Sunday, 23rd January 2005
Injuries to, amongst others, Etherington, Zamora and Ferdinand saw Mullins revert to right-back and Harewood push up front to assume the lone striker role giving a starting line-up of Walker, Mullins, Powell, Repka, Mackay, Williams, Fletcher, Reo-Coker, Rebrov, Chadwick and Harewood.
It was something of a lack-lustre start, possibly inspired by the rotten kick-off time of 12.30. It was even more of a rotten start for Williams who, in an incident that I missed, was left writhing in agony on the floor. After some treatment he tried to continue but was obviously on a hiding to nothing and it was no surprise to see him limp off after a mere 7 minutes to be replaced by Mark Noble.
Things went from bad to worse three minutes later. Jackson was given far too much time and space by Mullins down the right hand side. This was to become a recurring theme in the first half. Jackson had the time to look up and, seeing Rasiak completely unmarked in the box, was able to clip a cross in for the pole to head past Walker from close range.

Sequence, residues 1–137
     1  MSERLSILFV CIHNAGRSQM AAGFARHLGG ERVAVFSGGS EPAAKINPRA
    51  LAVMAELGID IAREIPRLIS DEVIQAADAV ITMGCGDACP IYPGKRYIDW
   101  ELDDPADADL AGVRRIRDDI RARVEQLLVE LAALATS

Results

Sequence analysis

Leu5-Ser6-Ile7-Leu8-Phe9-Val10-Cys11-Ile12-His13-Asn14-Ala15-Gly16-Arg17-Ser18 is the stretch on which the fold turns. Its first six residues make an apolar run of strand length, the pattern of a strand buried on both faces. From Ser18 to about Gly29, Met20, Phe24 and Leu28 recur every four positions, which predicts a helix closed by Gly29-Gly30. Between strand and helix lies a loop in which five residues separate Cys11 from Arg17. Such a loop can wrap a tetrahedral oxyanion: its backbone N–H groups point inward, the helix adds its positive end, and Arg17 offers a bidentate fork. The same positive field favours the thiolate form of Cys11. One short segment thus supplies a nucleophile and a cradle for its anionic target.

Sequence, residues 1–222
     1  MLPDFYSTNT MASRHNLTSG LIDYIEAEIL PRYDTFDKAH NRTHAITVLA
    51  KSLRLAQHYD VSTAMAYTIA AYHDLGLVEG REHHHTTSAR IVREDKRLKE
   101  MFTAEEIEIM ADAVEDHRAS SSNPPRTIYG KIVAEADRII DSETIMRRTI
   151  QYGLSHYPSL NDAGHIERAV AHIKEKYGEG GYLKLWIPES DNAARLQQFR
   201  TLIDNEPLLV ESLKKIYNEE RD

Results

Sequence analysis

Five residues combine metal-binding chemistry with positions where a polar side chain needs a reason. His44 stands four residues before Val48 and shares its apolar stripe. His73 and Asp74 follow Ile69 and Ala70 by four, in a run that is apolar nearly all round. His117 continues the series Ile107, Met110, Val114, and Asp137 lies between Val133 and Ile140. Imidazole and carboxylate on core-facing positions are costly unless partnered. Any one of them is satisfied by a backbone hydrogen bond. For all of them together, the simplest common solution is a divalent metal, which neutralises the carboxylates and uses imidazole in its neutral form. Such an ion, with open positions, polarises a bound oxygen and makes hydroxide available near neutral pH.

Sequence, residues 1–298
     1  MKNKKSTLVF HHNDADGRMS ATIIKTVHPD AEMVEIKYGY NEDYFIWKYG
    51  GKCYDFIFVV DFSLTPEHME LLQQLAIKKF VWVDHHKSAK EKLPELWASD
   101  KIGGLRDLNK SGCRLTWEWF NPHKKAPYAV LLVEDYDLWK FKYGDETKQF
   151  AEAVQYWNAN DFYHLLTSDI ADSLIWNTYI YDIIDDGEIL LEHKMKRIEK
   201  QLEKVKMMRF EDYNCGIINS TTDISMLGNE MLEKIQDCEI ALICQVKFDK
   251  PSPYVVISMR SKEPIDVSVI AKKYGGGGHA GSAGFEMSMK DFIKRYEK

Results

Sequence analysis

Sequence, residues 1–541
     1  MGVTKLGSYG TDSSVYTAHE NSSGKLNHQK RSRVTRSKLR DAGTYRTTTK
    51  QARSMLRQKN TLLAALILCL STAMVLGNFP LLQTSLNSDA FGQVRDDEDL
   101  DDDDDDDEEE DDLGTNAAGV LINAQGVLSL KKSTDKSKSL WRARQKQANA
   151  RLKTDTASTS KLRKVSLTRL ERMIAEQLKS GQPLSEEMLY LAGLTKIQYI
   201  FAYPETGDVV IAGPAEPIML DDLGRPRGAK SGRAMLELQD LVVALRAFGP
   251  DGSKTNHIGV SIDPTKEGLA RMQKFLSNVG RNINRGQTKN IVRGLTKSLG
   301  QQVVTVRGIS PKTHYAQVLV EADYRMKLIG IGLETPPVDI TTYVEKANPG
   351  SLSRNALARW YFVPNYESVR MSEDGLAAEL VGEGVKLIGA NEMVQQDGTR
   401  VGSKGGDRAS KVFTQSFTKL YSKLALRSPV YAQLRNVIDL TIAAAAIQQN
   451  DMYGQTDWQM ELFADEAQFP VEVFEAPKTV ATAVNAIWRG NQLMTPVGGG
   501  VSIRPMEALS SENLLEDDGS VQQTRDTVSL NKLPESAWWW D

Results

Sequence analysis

We laboured to make much of an impression for the next few minutes, though Noble had a few impressive touches, including a dipping volley from distance that wasn't too far wide.
Then came the first hint that the match official might have his own “look at me I'm on the tv” agenda. Rebrov was fouled in the centre of midfield. It was a high challenge, not pretty but the ref gave the Derby man the benefit of the doubt when it came to considering further disciplinary action. A few minutes later Fletcher committed an identical foul. Certainly no worse than the earlier foul on Rebrov. This was not the way that idiot ref Mason saw it and he took obscene delight in flourishing the yellow card.
The injustice seemed to spur on the home side for a few minutes anyway and Rebrov went close after Harewood's backheel gave Powell time and space to get in a cross. Shortly after we were level. Rebrov got a cross in which fell to the edge of the box. Fletcher won out in the tussle with Idiakez for the ball and buried his shot low inside the left hand post.